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A GUIDE TO THE TABERNACLE

by Editorial Staff    
Torah from Dixie Staff Writer    

The following is a brief description of some of the major highlights and features of the Tabernacle built by the Jewish people in the desert. As you study Parshat Terumah, we hope this guide will lend perspective and clarity to an intricate and exciting Torah portion. Log onto our website to view a diagram of the Mishkan and its components.

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The following is a brief description of some of the major highlights and features of the Tabernacle built by the Jewish people in the desert. As you study Parshat Terumah, we hope this guide will lend perspective and clarity to an intricate and exciting Torah portion. Log onto our website to view a diagram of the Mishkan and its components.

Mishkan - the portable Tabernacle constructed by the Jewish people in the desert. It accompanied them into the land of Israel and remained the focal point of their Divine service for more than 400 years, until the construction of its permanent and much larger replacement, the Beit HaMikdash (Temple in Jerusalem), by King Solomon. With the Mishkan's completion and the accompanying resting of the Divine presence amongst the Jewish people, the elevated status that they reached at Mt. Sinai acquired a degree of permanence in the Israelite camp, for the Mishkan itself resembled a continual reenactment of the Sinai experience. As the second book of the Torah closes with the establishment of the Mishkan, the miraculous exodus from Egypt achieves its purpose.

THE ARON

Aron - the holy Ark (Exodus 25:10-16) in which the Torah scroll and tablets of the Ten Commandments were housed. The aron was the central feature of the Mishkan and was located in the western portion of the structure, in the Holy of Holies. Representative of the Torah which it housed, the aron was the only vessel towards which every member of the Jewish people made a direct contribution, symbolic of the necessity for everyone to participate in Torah study. Upon the aron rested the kaporet (ibid. 25:17-22), a magnificent covering out of which the golden Cherubim were fashioned. (Please see Chaim Saiman's Think Tank in this week's issue for further discussion of the Cherubim.)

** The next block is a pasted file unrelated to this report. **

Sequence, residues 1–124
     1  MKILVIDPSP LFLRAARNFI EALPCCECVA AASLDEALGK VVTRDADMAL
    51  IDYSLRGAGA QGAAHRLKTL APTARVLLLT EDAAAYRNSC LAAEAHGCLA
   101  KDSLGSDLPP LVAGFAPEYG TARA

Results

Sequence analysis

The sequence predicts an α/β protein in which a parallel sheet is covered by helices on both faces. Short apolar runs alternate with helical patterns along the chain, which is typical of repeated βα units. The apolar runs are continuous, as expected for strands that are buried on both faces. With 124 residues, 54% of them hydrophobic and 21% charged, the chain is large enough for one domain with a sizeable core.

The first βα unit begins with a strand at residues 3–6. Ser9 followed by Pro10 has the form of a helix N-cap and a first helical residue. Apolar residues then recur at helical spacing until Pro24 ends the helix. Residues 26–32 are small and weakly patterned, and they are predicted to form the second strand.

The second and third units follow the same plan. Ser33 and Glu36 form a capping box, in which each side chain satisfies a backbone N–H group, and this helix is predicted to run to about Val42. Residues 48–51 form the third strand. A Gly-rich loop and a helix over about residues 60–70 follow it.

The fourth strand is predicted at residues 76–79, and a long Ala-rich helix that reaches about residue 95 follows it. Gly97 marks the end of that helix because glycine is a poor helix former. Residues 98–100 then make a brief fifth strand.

Parochet - the hanging partition (ibid. 26:31-33) separating the Holy of Holies, where the Ark was located, from the rest of the inner chamber of the Mishkan to the east. The inner chamber contained the following three major vessels: the shulchan, the menorah, and the mizbe'ach haketoret.

THE SHULCHAN

Shulchan - the specially fabricated table (ibid. 25:23-30) upon which the lechem hapanim (show-bread) was continually displayed. It was located in the northern portion of the Mishkan's inner chamber. Constructed upon the table were two columns of six shelving tubes, upon which the twelve loaves of bread were displayed each week. (Please see Food for Thought by Ranon Cortell for a discussion of the wondrous show-bread.) Because of the physical nature of the bread displayed on the shulchan, it is representative of material prosperity, and Hashem's blessings of sustenance to the Jewish people flowed through its remarkable loaves.

THE MENORAH

Menorah - the candelabra (ibid. 25:31-40) with seven branches, fashioned out of one solid piece of gold, located in the southern portion of the Mishkan's inner chamber. Each of the menorah's branches was intricately engraved with decorative knobs, cups, and flower-like figures, and pure olive oil illuminated its flames. The commentaries explain that the menorah is symbolic of the illumination of the intellect, and Hashem directed His blessings of wisdom to the Jewish people through the menorah.

THE GOLDEN ALTAR

Mizbe'ach haketoret - the golden altar (ibid. 30:1-10) upon which the incense was offered every morning and evening. It was located in the center of the Mishkan's inner chamber.

Chatzer - the large outer courtyard (ibid. 27:9-19) of the Mishkan. Its full dimensions were roughly 200x100 feet. Located in this courtyard was the second of the Mishkan's two altars, the mizbe'ach hanechoshet (copper altar), upon which most of the offerings were brought (ibid. 27:1-8).

Kiyor - the copper laver (ibid. 30:17-21) in the courtyard of the Mishkan. Before performing the service, the Kohanim were required to sanctify their hands and feet from its water.

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